“Why the hell is there a castle?”

All the guards turned to stare at Echo. None of them answered, but none of them looked away either.

“Just saying,” Echo mumbled, more to herself now. “Looks kind of…” 

Stupid? 

“…out of place.”

Eventually, the tram grinded to a halt. They exited at a station sitting by the foot of a steep cliff. A marble staircase climbed all the way to the top, where the castle resided amid a purplish, luminescent jungle. No other visible forms of transport scaled the cliff wall, and Aksis’ first step caused Carter to curse his arthritis softly. 

By the time they reached the top, Echo’s legs were warm with strain. Even her arms were sore from carrying her rifle the whole way. Aksis, being a machine, didn’t easily sympathize with her fatigue, and made an impatient clicking noise as he continued past the amethyst-cut gates. 

“This place is really something,” Klavier whispered, shifting to their private channel. “You’d think the government would have intel on a stronghold this big.” 

“I’m sure they do,” Echo said distantly. She was admiring the hallway’s seamless gem-and-stone architecture. “That doesn’t mean they have to share it with everyone. Remember, I’m still a private.”

“And yet, they gave you an airship.”

“Yeah, and real work. As punishment.” She embellished every syllable. “Only reason I’m not stuck digging a trench out in the boonies is ‘cause HQ values my research too much to put me in any real danger. Chasing after smugglers in a souped-up destroyer should’ve been a cakewalk, but then this shit happened.” 

Klavier acquiesced her point with a nod, then craned his head as they stepped into an atrium. “This castle’s got to be at least a millennia old.”

Echo’s tone was skeptical. “Awfully well-preserved if it is. Doesn’t look a day over a decade, if you ask me.” 

“It’s Elven,” Klavier said simply.

“And what does that have to do with anything?” Ahead of them, another set of gates rose from a miniature flight of stairs. “I understand the cave protected the castle from the rain, but there’s no escaping oxygenation.”

“Echo.”

“What?”

Elves.” A second later, “Magic.

“Ah.” Echo tried to conceal her embarrassment. “Yeah, that makes a uh… how did you know this place was Elven?”

“I have a Bachelors degree in anthropology with a minor in history.”

“Wow.” The word alone contained a world of surprise. “What the hell are you doing in the army then?”

Klaver looked like he was about to shrug, then turned it into a roll of his shoulder as he remembered their conversation was private. “Guess you could say I’m not a huge fan of booby traps or cowboy hats," he said.

"And there aren't any jobs?"

"And there aren't any jobs."

Aksis finally slowed them in front of the elevated gates. The clanging of its feet echoed in the atrium.

“As Darnell said,” it began, voice crackling like kindling. “You cannot proceed with your weapons past this point. Please hand them over to the guards. We will return them if…”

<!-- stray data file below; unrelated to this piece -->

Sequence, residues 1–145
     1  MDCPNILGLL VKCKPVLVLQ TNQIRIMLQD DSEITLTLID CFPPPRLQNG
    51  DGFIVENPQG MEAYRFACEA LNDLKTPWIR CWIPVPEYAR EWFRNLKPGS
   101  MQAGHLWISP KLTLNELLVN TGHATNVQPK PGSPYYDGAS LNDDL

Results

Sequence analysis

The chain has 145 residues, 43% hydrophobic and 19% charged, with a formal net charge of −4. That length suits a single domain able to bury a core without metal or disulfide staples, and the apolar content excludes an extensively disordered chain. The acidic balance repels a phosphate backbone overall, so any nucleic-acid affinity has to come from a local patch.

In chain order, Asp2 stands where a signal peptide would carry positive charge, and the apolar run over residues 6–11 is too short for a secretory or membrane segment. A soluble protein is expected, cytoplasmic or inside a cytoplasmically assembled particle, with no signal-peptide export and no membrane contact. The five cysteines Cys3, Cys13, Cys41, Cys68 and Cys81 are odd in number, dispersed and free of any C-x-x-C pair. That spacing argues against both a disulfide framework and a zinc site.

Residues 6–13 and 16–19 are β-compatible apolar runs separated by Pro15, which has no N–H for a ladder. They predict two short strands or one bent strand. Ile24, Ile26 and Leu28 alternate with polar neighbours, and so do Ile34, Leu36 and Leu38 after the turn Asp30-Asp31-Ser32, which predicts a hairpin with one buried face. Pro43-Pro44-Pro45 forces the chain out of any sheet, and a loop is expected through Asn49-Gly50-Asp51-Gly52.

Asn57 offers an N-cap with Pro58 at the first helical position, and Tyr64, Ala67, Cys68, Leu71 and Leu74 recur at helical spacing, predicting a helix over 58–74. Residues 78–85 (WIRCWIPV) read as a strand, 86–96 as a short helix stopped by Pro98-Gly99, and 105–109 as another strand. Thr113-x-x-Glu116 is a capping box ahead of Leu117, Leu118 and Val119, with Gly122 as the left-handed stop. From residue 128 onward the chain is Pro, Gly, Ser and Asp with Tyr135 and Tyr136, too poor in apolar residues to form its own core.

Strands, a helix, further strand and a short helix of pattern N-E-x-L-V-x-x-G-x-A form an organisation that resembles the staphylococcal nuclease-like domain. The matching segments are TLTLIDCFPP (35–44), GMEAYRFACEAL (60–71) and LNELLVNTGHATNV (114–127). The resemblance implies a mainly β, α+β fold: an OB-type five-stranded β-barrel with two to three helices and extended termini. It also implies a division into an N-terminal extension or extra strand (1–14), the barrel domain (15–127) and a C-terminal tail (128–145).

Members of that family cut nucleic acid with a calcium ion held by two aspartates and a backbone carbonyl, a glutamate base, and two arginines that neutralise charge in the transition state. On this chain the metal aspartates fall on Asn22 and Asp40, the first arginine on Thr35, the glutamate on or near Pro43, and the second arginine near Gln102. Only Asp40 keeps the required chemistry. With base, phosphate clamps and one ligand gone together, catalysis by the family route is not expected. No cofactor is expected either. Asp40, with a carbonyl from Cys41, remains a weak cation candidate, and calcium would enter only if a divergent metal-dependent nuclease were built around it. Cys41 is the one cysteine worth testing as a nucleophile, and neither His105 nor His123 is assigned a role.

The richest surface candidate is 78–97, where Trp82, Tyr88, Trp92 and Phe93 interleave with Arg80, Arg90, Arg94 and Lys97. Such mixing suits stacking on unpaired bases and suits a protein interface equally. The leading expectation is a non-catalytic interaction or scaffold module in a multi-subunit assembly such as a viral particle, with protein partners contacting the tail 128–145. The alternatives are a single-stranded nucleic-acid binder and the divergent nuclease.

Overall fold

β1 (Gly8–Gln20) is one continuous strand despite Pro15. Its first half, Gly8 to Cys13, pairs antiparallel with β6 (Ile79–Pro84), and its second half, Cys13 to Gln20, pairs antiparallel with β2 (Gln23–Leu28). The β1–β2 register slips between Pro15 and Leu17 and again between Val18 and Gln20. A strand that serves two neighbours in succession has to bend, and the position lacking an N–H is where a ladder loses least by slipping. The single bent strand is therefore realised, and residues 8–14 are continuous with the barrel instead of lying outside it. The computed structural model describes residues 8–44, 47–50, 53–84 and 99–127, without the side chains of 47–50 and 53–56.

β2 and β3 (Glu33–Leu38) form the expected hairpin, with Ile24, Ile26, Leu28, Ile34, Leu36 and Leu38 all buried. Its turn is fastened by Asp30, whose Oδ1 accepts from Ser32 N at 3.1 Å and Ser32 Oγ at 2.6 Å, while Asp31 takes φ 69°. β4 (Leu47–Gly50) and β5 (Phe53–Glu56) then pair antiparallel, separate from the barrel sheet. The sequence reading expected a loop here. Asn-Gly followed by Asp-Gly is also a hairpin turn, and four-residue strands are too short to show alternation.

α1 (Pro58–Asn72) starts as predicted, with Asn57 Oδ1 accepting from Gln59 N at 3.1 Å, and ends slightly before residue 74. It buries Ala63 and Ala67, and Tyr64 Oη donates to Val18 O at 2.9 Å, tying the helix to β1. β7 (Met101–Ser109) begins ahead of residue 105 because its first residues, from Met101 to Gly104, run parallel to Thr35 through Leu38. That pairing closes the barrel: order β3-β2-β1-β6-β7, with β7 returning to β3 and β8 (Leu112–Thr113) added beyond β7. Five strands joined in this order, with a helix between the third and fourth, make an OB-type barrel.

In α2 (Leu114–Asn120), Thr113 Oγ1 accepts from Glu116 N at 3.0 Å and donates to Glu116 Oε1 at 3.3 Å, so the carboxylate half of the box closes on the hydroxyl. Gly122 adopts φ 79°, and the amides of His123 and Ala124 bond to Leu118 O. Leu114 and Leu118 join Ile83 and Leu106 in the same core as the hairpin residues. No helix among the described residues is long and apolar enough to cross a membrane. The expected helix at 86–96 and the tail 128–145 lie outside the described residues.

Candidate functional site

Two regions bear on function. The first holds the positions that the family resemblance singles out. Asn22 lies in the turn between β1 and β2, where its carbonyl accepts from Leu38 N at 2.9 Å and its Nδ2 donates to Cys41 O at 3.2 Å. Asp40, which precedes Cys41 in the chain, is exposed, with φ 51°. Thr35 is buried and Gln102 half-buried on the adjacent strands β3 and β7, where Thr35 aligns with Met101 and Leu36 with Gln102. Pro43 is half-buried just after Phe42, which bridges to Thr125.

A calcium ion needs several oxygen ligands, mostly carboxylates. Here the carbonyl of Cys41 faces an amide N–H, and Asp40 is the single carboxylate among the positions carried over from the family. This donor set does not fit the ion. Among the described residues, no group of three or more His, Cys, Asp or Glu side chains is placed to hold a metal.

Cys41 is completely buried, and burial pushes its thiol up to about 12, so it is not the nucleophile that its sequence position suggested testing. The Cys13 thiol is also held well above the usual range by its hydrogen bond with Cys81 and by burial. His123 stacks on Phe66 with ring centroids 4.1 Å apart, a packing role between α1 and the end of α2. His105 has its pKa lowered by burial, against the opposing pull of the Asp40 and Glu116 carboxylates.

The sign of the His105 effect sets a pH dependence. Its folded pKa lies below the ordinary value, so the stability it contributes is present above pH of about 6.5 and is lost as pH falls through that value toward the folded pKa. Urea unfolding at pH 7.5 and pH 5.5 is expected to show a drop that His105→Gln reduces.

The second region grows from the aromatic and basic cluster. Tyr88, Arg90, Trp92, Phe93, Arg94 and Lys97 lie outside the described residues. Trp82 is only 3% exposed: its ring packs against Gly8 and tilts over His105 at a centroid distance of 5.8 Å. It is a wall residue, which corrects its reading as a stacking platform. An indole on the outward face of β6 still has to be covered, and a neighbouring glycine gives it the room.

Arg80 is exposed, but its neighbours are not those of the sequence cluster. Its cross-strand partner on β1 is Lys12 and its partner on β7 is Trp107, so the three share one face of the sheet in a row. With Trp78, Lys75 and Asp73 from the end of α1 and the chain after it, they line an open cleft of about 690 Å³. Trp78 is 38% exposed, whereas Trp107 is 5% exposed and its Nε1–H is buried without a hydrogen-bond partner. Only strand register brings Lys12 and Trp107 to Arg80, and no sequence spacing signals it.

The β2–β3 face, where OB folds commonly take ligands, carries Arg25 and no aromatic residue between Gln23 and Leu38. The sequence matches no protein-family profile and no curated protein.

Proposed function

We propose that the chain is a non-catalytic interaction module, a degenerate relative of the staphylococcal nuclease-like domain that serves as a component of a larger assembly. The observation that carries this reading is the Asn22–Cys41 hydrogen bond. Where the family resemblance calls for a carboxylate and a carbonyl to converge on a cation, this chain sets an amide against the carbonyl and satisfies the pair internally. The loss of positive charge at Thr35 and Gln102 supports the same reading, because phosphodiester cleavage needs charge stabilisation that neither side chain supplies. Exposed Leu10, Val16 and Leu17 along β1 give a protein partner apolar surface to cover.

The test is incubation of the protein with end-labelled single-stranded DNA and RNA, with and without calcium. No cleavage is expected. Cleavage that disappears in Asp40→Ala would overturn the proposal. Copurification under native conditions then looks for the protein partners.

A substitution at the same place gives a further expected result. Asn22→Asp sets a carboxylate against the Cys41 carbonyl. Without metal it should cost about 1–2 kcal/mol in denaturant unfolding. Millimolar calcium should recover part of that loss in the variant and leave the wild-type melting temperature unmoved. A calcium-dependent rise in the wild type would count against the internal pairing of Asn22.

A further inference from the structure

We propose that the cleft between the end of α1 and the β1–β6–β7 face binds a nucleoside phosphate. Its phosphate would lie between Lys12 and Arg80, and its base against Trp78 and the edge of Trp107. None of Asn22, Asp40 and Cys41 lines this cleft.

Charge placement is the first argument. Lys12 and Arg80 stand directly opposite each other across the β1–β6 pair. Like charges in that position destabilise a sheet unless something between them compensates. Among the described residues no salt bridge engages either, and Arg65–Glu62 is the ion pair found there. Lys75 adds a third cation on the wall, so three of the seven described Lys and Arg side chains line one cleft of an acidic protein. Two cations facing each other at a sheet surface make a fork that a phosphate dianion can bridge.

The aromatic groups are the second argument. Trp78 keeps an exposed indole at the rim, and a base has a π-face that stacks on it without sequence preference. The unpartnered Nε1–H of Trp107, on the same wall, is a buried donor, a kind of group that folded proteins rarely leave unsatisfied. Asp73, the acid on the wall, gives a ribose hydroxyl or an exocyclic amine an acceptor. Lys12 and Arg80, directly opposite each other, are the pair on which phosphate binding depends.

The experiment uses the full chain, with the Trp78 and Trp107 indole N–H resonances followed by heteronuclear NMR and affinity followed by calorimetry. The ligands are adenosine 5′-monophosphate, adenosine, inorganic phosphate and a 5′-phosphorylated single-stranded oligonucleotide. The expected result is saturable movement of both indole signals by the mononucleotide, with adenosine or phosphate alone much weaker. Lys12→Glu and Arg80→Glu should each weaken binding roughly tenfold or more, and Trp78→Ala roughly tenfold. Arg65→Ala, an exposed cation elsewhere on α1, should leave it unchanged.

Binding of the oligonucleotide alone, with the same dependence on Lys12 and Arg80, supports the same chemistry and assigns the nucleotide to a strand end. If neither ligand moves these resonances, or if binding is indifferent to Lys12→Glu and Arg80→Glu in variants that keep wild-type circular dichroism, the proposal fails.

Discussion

Aksis let the phrase hang in the air, as if debating between words or silence.

In the end, it chose silence.

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“Fine.”

Echo shoved her rifle into the nearest guard’s hands. Then came her pistol, her helmet – it was only accumulating sweat at this point – her tactical knife, two grenades, and a perfunctory smile that looked distinctly pissed off. 

“Are we good?” she said, turning to the next guard. “Or am I going to have to break your teeth when you try to pat me down?”

The guard sized her up, then inquired a look at Aksis. It- or rather, he, nodded, and the guard quietly backed off.

“Follow me,” Aksis said. He pushed the doors open and led them inside.

The first thing Echo noticed were the plants. It was almost like walking into a garden. They weren’t fungi cultures like the ones outside, but rather genuine swaths of green. Many of the walls, which reminded her of a vaulted cathedral, were covered in serpentine vines, while moss textured some of the other surfaces such as the smooth stone echoing their footsteps. Looking at it all, Echo wondered how any of it was possible. There was no rain or sunlight, no soil for anything to grow in. 

Magic, Klavier’s voice reminded her. There was no other explanation.

“Welcome, my friends.”

The Baron sat reclined in his throne. Echo was a little surprised to see that, unlike the plants, he was very, very dead.

Undead, to be precise.

“I trust my men have treated you fairly?” It was disconcerting to hear him speak. He had no lips, no tongue, and yet his voice flowed like honeyed wine.

Echo cleared her throat. “With all due respect, sir, you might be putting your faith in the wrong men.”

“You’ll refer to the Baron as your grace.” Darnell stepped forward, eyeing her with dark, dispassionate eyes. His lips had flattened into a hard line. Echo considered it a victory that she’d managed to spite him so easily. 

The Baron chuckled. “No, I believe ‘sir’ will do just fine.”